Europeans and early Americans gargled with sauerkraut juice – the fermented juice of the cabbage plant.
This refers to the traditional fermented homemade Sauerkraut which is an excellent source of probiotics and enzymes for gut health. Commercial sauerkraut is not the same.
To make homemade sauerkraut, layer scores of chopped cabbage leaves in a Crock-Pot, sprinkling salt over each layer. Alternatively, you can knead the salt into the chopped cabbage leaves instead of layering it. Cover it with a clean cloth and tightly weigh it down with a stone or heavy plates. Let it sit for six weeks or more. Draw off the juice and gargle as needed to alleviate a sore throat.
Naturopathic doctors today have improved on this remedy by alternating gargling with warm ginger juice and gargling with cold pineapple juice.
Here’s the recipe for the ginger juice:
Boil one-half cup of water and one teaspoon of powdered ginger, just until boiling. Once it has cooled, add one-quarter teaspoon of honey and the juice of half of a lemon. Alternate gargling with the ginger juice mixture and with cool pineapple juice. Repeat as needed.
Salt has been used from the earliest times as a means to soothe a sore throat. In India, however, many people today will gargle daily with a pinch of salt and a pinch of turmeric. They do this as a preventive measure and to clear their throats of mucus.
Another variation of gargling with warm salt water comes from an ancient yogic tradition. While gargling with warm salt water, practice the throat opening sounds “oh,” “ay,” “mi,” and “li.” If you persevere, you will find that your throat opens and relief is given.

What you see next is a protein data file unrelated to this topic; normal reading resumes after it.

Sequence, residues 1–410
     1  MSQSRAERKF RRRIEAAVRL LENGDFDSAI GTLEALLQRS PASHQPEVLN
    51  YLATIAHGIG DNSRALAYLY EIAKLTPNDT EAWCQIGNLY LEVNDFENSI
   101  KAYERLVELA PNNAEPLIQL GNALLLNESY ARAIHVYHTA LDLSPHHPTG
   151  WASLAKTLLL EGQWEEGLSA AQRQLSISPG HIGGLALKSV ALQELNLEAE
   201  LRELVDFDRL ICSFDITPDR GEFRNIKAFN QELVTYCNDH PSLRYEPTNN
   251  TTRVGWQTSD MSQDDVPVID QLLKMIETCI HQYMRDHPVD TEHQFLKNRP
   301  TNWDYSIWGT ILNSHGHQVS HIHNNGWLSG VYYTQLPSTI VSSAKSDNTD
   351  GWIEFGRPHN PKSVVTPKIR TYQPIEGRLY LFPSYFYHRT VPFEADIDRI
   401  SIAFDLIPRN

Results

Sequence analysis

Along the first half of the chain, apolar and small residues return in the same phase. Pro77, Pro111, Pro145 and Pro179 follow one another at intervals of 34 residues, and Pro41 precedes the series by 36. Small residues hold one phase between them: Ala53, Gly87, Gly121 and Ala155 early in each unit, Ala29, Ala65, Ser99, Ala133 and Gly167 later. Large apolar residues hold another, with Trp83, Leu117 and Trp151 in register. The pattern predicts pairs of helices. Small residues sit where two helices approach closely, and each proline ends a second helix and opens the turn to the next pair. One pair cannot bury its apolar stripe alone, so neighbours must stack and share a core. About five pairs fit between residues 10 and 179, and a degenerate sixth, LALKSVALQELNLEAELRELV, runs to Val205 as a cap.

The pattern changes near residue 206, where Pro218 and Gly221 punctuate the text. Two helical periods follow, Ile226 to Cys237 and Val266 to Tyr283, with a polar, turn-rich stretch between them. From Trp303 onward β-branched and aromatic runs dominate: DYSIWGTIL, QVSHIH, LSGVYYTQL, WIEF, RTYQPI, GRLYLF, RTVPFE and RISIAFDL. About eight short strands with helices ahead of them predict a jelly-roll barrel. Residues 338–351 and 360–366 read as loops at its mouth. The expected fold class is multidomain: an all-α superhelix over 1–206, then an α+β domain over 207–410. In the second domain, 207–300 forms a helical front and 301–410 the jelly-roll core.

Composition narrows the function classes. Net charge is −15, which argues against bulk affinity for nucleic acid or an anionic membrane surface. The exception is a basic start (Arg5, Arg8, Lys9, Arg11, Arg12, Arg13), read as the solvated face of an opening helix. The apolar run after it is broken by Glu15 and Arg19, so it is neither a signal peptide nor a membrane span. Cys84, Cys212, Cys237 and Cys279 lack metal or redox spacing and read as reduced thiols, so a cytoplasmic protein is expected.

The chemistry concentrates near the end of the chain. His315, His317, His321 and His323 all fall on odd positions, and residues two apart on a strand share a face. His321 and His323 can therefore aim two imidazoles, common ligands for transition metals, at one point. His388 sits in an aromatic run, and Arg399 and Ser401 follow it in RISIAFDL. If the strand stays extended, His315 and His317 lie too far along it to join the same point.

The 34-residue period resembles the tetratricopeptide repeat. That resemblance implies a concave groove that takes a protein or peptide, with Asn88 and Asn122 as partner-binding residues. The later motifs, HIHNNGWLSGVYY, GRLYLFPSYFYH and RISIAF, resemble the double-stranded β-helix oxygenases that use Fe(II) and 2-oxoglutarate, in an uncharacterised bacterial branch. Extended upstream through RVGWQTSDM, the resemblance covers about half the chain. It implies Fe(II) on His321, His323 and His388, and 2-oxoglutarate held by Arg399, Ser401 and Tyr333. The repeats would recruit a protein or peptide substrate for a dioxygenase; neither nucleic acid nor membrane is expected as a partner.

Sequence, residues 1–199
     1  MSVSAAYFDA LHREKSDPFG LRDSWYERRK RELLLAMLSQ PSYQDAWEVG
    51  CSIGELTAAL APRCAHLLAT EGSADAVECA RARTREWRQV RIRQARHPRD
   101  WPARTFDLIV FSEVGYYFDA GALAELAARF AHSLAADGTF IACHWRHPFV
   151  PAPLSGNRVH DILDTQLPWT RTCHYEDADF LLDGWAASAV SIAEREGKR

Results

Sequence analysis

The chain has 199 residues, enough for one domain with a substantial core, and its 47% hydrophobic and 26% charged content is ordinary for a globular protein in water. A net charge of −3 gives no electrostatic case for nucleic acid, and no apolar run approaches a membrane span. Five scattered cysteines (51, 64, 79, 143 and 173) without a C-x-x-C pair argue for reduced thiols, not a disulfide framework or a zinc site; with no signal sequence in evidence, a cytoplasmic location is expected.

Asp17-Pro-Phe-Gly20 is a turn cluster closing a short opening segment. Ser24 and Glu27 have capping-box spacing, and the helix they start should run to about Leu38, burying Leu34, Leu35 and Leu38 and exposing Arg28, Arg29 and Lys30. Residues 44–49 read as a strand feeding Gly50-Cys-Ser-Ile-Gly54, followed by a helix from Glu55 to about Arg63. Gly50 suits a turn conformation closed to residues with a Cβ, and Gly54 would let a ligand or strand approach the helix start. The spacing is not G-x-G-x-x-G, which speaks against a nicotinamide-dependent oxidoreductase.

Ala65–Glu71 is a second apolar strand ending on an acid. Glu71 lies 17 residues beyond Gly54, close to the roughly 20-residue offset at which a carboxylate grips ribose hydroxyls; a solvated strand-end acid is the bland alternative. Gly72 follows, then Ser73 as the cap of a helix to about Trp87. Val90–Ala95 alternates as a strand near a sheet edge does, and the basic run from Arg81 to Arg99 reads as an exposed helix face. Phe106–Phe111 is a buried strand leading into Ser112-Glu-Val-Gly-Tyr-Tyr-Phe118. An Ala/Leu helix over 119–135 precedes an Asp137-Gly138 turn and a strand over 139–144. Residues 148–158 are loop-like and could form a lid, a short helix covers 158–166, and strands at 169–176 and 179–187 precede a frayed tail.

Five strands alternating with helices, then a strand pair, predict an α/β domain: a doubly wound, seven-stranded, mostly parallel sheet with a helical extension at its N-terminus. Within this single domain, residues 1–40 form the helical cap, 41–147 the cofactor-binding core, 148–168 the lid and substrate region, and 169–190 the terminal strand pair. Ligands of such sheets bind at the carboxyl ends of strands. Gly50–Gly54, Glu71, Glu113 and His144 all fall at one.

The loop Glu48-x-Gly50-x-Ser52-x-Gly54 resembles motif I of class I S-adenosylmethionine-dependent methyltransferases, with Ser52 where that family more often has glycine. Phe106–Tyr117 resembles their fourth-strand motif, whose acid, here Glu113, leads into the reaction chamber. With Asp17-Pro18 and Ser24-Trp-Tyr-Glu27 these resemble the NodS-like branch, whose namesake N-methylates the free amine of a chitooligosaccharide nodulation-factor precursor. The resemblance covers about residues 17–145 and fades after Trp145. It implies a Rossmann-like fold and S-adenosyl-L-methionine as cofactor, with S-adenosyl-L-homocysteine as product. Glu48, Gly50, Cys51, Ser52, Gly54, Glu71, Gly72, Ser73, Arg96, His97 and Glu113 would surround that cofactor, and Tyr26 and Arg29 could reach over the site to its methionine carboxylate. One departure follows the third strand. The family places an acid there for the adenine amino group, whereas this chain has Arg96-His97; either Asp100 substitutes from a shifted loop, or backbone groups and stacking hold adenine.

In old Amish culture, fresh beets were the cure for sore throats.
Grate the beets into a four-inch-wide strip in the middle of a dish towel. Make a pocket by gathering three sides of the towel. Place the towel around your neck with the beet side next to your throat. Pin the towel closed with a safety pin. When the beets turn green, discard them and start again.
Be careful to protect your clothing … beets have also traditionally been used as clothing dye!
In a study in the Journal of Alternative and Complementary Medicine, researchers gave either a placebo or Throat Coat, a licorice tea from Traditional Medicinals, to 60 sore-throat sufferers 4 to 6 times a day for seven days; the tea tipplers reported significantly less pain on swallowing. Add a teaspoon of chopped or powdered root to a beverage tea, and feel relief almost immediately.
~Michael Castleman, Natural Health
The flowers of the Marsh Mallow, boiled in oil and water, with a little honey and alum, have proved good as a gargle for sore throats. In France, they form one of the ingredients of the Tisane de quatre fleurs, a pleasant remedy for colds.
Source: A Modern Herbal
For information about the individual herbs visit: The Encyclopedia of Herbology
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